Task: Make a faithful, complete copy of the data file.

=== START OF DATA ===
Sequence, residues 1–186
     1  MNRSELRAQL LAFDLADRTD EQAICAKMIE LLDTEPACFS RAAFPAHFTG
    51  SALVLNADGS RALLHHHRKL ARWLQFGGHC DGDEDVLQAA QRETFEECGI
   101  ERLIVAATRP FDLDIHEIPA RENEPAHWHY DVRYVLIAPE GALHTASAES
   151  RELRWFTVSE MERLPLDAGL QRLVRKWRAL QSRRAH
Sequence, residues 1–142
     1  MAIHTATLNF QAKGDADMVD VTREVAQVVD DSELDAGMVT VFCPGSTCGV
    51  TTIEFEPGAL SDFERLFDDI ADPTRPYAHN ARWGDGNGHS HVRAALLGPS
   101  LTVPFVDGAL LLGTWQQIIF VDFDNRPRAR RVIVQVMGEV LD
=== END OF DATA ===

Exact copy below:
Sequence, residues 1–186
     1  MNRSELRAQL LAFDLADRTD EQAICAKMIE LLDTEPACFS RAAFPAHFTG
    51  SALVLNADGS RALLHHHRKL ARWLQFGGHC DGDEDVLQAA QRETFEECGI
   101  ERLIVAATRP FDLDIHEIPA RENEPAHWHY DVRYVLIAPE GALHTASAES
   151  RELRWFTVSE MERLPLDAGL QRLVRKWRAL QSRRAH
Sequence, residues 1–142
     1  MAIHTATLNF QAKGDADMVD VTREVAQVVD DSELDAGMVT VFCPGSTCGV
    51  TTIEFEPGAL SDFERLFDDI ADPTRPYAHN ARWGDGNGHS HVRAALLGPS
   101  LTVPFVDGAL LLGTWQQIIF VDFDNRPRAR RVIVQVMGEV LD